In 1980, Congress enacted the Bayh-Dole Act, permitting the University to own inventions and patents made on federal grants.
The University must report it’s inventions and may elect to own and promote them.
The University has the right to license and commercialize inventions and intellectual property, subject to certain retained government purpose rights.
The University has all new faculty sign a "reminder letter" confirming obligations.
When the U.S. Congress passed P. L. 96-517, the Patent and Trademark Law Amendments Act, more commonly known as the "Bayh-Dole Act," in 1980, a uniform federal patent policy was established, clearly stating that small businesses and non-profit organizations, including universities, could retain ownership of inventions made under federally sponsored research.
In return, the University of Delaware is expected to file for patent protection on inventions and then promote the licensing of those patents by the commercial sector, ensuring the outflow of UD discoveries and technologies from our labs to the marketplace.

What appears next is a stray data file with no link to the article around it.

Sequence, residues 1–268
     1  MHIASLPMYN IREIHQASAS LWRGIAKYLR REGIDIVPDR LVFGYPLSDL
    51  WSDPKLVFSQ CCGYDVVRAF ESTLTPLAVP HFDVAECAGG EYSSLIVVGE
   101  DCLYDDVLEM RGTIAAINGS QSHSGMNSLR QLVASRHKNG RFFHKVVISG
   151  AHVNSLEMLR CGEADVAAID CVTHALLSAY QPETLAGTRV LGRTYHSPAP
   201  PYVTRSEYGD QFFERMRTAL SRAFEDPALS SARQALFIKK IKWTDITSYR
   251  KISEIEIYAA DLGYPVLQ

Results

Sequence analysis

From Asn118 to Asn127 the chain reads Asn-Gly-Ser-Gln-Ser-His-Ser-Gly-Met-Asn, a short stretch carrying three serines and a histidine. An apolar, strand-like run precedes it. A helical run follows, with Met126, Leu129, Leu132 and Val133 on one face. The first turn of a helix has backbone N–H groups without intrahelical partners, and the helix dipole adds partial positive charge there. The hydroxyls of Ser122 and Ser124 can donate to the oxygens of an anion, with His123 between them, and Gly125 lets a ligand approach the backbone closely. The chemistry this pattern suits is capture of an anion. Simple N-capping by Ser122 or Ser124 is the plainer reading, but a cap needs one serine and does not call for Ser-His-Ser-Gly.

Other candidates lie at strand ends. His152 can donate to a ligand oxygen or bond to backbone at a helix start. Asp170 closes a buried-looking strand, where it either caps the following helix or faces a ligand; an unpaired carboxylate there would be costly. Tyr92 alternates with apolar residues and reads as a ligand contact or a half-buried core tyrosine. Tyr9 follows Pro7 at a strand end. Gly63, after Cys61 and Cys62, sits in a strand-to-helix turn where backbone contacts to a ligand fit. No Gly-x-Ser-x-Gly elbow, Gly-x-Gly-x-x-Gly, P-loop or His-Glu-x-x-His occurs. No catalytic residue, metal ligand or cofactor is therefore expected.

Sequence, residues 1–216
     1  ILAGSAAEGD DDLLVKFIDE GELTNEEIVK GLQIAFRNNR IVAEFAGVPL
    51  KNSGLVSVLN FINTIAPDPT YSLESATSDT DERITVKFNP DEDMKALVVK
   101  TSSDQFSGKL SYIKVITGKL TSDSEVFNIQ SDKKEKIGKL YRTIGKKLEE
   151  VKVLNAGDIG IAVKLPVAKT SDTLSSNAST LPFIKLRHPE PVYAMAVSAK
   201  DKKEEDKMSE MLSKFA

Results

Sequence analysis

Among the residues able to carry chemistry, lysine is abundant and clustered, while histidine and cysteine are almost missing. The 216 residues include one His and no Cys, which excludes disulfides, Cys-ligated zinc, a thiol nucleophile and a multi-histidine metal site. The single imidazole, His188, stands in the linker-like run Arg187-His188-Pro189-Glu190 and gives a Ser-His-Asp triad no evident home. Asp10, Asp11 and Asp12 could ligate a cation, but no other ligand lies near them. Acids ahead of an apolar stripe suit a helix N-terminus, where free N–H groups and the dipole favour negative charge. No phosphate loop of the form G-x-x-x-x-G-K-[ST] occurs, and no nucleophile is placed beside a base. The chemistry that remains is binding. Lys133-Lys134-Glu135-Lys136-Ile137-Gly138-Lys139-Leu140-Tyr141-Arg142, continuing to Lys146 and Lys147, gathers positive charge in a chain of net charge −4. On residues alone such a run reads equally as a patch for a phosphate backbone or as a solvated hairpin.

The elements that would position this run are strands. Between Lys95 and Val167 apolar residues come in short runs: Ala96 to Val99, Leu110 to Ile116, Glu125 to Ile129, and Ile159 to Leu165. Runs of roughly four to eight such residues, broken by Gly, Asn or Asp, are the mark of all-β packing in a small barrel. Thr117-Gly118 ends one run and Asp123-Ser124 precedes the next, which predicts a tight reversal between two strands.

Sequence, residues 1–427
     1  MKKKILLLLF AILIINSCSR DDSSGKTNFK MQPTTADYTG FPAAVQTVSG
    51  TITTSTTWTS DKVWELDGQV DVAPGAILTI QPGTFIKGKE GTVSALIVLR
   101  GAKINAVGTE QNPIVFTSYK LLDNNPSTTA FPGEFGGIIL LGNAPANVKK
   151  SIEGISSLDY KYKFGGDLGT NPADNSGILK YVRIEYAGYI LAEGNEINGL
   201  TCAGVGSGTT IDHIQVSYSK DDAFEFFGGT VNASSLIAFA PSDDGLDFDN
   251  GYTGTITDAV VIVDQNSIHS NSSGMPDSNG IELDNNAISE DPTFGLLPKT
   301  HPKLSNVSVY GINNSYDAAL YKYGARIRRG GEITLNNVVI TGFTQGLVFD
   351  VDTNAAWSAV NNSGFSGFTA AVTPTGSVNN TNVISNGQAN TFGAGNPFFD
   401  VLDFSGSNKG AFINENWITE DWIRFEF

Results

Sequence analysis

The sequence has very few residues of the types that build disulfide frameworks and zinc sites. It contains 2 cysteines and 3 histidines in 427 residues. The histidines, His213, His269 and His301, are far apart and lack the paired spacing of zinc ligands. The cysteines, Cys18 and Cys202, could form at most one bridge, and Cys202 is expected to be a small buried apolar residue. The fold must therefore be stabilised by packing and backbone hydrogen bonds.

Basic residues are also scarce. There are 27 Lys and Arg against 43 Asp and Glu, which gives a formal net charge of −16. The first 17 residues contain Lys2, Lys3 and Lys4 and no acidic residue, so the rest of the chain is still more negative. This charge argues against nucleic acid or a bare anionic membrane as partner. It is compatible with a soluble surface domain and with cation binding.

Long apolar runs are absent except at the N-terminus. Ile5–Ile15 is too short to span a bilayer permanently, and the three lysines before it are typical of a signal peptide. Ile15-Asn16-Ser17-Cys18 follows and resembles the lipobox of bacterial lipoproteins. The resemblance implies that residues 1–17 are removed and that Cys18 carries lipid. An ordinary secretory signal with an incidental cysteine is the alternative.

Association of University Technology Managers (AUTM).
Administration of the Bayh-Dole Act
by Research Universities.
Government Accounting Office. 1998.
Bayh-Dole Act: A Guide to the Law and Implementing Regulations.
Council on Governmental Relations. 1999.
"20-20" View of Invention Reporting to the National Institutes of
National Institutes of Health. 1995.
Named after the senators who cosponsored it, Birch Bayh of Indiana and Robert Dole of Kansas, the Bayh-Dole Act and its subsequent amendments provide the basis for current university technology transfer practices. The landmark legislation has led to a more rapid transformation of university research into marketable products and technologies of use by and of benefit to society, as well as the launching of new industries and start-up companies to pursue the development of novel university inventions.
At the University of Delaware, the chief goal of the Office of Economic Innovation and Partnerships is to encourage and enable innovation and entrepreneurship; grow, utilize and leverage the University’s knowledge-based assets; and create and capture new economic and community benefits.
If you are a UD researcher with an invention to report, please review these policies and forms and contact Intellectual Property and Compliance within the Office of Economic Innovation and Partnerships for more information.